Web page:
This also applies when it comes to the Free Dining promotion. In many cases, we’ve found that hotels only have Free Dining availability if you upgrade room categories. That can mean having to book Club Level rather than a cheaper room category. You might be thinking, “if the Dining Plan is free, what’s the harm?” In reality, the old adage that there’s no such thing as a free lunch applies here–in both a literal and figurative sense.
If you take advantage of the Free Dining deal, you’re forgoing other discounts. Specifically, you’re passing up a room-only offer of a certain percentage off your room. Without exception, room-only discounts are objectively better deals for those booking Club Level rooms. In that scenario, you should absolutely take the room-only discount on Club Level at a Deluxe Resort, forgo the Disney Dining Plan entirely, and pay out of pocket for the meals you end up eating outside of the concierge lounge at your hotel.
The math on Club Level only works out if you’re viewing it as a luxury experience or splurge. If you’re singularly value-oriented, Club Level is never going to make sense. You could simply do grocery delivery and have snacks at your leisure in your Walt Disney World hotel room and come out way ahead in terms of savings. Of course, nothing screams “luxury hotel stay” like having groceries delivered and preparing oatmeal in your room.
Not that we’re knocking that. We’ve done grocery delivery several times and Club Level several times. Some trips we want to travel as inexpensively as possible, other times we want to splurge and treat ourselves to luxurious experience. There’s certainly a place for both styles of traveling.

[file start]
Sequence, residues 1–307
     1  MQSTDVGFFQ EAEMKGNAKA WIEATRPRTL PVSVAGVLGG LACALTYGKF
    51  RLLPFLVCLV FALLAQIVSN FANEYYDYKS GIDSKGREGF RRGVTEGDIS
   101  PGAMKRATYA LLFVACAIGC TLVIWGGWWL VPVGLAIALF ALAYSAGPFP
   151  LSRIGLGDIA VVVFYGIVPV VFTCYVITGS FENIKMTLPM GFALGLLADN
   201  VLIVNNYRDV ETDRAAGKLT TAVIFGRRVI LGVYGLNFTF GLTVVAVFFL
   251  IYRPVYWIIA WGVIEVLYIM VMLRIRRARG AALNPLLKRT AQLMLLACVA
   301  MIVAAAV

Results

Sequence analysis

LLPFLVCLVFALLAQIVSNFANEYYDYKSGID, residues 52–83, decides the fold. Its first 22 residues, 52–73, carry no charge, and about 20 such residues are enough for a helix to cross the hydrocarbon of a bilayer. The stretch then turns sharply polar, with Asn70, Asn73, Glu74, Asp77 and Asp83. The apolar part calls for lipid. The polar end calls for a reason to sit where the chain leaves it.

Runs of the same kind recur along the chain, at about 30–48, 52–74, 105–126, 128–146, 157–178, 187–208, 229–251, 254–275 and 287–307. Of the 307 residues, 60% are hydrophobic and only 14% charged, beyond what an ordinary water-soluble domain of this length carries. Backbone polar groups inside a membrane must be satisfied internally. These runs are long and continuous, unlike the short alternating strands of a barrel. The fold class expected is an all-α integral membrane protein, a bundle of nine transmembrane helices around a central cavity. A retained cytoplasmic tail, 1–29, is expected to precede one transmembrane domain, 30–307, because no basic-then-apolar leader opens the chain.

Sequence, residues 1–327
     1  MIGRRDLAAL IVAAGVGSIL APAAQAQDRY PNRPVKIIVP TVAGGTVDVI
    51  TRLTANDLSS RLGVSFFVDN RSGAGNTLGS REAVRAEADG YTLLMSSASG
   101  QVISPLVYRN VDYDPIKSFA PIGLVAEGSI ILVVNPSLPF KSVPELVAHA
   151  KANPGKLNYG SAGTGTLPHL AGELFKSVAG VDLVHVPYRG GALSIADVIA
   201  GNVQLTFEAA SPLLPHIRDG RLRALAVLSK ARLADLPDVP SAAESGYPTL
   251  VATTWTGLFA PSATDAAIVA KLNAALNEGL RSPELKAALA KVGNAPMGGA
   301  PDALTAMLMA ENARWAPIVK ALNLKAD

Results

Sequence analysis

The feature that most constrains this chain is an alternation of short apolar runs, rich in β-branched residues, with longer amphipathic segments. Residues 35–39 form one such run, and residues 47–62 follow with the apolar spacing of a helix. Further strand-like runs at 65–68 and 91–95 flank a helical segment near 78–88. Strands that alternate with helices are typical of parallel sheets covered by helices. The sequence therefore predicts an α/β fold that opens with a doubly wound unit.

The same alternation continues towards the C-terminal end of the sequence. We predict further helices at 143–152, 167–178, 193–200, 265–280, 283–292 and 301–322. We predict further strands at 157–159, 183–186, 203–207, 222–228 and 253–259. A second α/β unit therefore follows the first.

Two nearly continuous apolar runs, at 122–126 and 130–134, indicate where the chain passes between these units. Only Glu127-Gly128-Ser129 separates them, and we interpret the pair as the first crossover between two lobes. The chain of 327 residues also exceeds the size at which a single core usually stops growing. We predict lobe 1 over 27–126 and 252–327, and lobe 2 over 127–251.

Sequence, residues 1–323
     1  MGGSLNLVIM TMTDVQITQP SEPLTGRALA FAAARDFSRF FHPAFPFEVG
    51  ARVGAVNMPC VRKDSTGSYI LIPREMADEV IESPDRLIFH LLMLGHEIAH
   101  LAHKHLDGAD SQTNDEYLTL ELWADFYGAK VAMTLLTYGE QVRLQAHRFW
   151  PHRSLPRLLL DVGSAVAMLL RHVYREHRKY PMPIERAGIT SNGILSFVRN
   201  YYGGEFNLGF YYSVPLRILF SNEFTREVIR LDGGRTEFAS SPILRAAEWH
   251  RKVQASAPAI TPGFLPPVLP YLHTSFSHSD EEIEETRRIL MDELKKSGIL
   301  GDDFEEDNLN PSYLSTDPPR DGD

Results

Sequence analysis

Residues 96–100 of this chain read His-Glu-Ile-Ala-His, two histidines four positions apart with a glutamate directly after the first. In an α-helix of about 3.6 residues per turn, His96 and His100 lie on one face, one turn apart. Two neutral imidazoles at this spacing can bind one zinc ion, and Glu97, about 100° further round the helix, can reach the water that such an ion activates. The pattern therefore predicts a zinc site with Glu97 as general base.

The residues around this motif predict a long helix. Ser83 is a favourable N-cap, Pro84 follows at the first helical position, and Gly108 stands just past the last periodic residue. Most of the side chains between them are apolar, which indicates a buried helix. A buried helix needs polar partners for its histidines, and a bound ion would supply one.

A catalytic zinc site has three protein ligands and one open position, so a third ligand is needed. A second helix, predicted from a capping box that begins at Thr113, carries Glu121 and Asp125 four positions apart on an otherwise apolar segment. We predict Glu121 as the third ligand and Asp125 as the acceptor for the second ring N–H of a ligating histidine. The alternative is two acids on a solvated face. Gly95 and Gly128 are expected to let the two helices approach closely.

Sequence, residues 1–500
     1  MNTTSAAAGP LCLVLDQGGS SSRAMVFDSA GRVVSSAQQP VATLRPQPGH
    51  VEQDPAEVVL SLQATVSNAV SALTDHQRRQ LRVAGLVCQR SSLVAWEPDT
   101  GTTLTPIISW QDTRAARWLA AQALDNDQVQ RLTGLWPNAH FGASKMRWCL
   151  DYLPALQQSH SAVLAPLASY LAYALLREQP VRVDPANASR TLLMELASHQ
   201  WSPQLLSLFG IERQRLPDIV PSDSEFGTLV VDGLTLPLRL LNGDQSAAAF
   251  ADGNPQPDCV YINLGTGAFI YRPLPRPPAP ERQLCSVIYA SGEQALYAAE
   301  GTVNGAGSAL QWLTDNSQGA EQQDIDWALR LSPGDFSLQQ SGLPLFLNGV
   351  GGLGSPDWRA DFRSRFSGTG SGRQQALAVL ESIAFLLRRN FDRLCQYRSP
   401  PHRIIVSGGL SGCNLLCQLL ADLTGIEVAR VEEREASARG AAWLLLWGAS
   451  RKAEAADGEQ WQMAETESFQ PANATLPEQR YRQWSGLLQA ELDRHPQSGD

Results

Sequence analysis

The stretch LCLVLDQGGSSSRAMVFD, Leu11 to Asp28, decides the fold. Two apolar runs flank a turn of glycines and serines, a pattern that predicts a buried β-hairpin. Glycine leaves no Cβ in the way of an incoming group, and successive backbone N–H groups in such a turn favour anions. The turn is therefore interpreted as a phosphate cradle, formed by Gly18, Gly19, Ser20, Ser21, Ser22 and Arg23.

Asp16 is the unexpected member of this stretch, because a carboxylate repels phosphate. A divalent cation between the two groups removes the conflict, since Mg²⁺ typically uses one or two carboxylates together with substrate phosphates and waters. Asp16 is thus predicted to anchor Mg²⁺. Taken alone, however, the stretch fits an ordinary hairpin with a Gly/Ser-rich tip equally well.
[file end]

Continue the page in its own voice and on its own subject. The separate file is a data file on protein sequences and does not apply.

One thing to note here while we’re discussing a luxurious experience, is that this refers almost entirely to the Club Level Lounge, its food and atmosphere. Concierge Resort Cast Members are generally great, offering superlative service and being helpful with planning and questions you might have.
However, concierge service at Walt Disney World is not the same as it is in real world hotel counterparts. We have stayed at Grand Club level at several Hyatt hotels, among other chains, and the difference at luxury hotels is that the service there is truly above and beyond.
Real world concierges can pull strings and make coveted bookings, quickly have tickets delivered to a hotel, etc. Walt Disney World concierges can make the same bookings available in the My Disney Experience app in lieu of you doing it. This can be a nice convenience, but it’s usually nothing you couldn’t do yourself.
Additionally and more importantly, those real world resort concierges go out of their way to make you feel special and pampered. Their service is very attentive and proactive. Disney’s service is much more reactionary; if you need help, it’s there. If not, there’s a decent chance no Concierge Resort Cast Members will interact with you after check-in.